Maggie Gallagher, the co-founder and former chairman of the board of NOM, the National Organization For Marriage, the president of the anti-gay Institute for Marriage and Public Policy, a signatory of the Manhattan Declaration – which demands Christians break the law if it goes against the Bible — the woman who was paid but did not disclose tens of thousands of dollars by the George W. Bush administration to write in favor of “traditional” marriage, the woman who has lied about her support of ex-gay therapy, the woman who ruled over NOM during the period its corporate policy was to stoke racism and use race to as a wedge issue to strengthen opposition to same-sex marriage, and then when news of their race-baiting strategy broke called it a “non-story” for a “slow news day,” the woman who has spent much of her professional career taking millions of dollars from the Roman Catholic and Mormon Churches and radical right wing think tanks and hate groups, and parlaying all these funds and contacts into an extraordinarily lucrative career with a goal of ending same-sex marriage and divorcing all same-sex couples in the U.S. and around the world, while demonizing LGBT people and maintaining our second-class citizenship while ensuring that children across America and around the world continue to be bullied to death, doesn’t quite understand why “It’s ‘monstrous’ to oppose gay marriage.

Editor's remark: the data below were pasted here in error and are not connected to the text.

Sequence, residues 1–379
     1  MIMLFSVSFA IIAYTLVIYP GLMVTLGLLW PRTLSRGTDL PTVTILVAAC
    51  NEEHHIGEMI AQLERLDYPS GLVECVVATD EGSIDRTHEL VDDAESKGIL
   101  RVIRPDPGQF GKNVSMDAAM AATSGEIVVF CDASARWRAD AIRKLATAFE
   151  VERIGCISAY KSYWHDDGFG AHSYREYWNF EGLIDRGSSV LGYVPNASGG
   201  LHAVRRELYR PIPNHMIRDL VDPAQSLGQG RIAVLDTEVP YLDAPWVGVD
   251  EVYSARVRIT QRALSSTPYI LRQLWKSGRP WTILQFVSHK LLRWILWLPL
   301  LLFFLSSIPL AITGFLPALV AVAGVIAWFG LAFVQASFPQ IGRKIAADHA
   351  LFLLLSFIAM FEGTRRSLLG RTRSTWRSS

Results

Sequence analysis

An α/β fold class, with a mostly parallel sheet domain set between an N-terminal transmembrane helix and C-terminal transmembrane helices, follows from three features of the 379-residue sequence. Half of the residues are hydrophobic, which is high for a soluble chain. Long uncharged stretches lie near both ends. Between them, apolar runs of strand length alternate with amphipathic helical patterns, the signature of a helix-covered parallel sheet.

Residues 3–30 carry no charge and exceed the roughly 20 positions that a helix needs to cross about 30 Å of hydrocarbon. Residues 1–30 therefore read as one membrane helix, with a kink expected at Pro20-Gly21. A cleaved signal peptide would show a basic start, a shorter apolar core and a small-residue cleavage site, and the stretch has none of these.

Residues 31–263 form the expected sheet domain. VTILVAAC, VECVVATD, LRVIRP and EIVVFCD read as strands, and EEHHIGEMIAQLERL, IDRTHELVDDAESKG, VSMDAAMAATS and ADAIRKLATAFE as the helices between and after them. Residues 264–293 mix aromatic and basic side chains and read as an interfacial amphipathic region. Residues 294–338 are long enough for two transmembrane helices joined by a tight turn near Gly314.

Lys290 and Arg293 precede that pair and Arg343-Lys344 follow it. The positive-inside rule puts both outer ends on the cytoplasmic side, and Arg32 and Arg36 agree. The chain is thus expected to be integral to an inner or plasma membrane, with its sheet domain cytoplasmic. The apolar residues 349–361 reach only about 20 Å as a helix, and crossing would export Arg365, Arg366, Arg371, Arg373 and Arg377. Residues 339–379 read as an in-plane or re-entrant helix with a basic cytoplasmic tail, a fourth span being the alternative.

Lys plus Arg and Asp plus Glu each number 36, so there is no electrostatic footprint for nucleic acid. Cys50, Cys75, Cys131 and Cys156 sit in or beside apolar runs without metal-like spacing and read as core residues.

Maggie Gallagher today in her National Review column writes:
I met the editor of AfterElton.com — a fairly large blog dedicated to gay male celebrities — in my debate with Andrew Sullivan at Washington and Lee University.
Meeting with people always tones down the effort to totally demonize them. But not for long. Here’s how AfterElton responds to my exchange with E. J. Graff:
I’ve been really understanding of Maggie Gallagher since meeting her. I may vehemently disagree with her on every point, but I did think the rhetoric could become more civil. Less name calling, more substance. But honestly, her latest just ticks me off to no end. “A society that is serious about marriage would gently stand up to gay people and say ‘not this, not now.’ Changes in law are hard to undo, once they are institutionalized. I did not decide to debate gay marriage, gay-marriage advocates did. I responded to the challenge.” Wait our turn, Maggie? On civil rights? While teenagers kill themselves each day because they feel less than? That’s condescending and heartless. Monstrous, actually.
The Regenerus study on gay parenting has been referred to a committee on publication ethics, which is a start.
It’s “monstrous” to oppose gay marriage. And the uncivil dialogue is my fault, in his view. That’s where we are.
Gallagher is referring to friend of the blog Ed Kennedy from After Elton. Kennedy writes the excellent Morning Meme — and is someone I wish would write here at The New Civil Rights Movement. You’ll notice that in Kennedy’s last sentence he links to one of New Civil Rights Movement author Scott Rose’s excellent articles on the Regnerus anti-gay parenting “study.”
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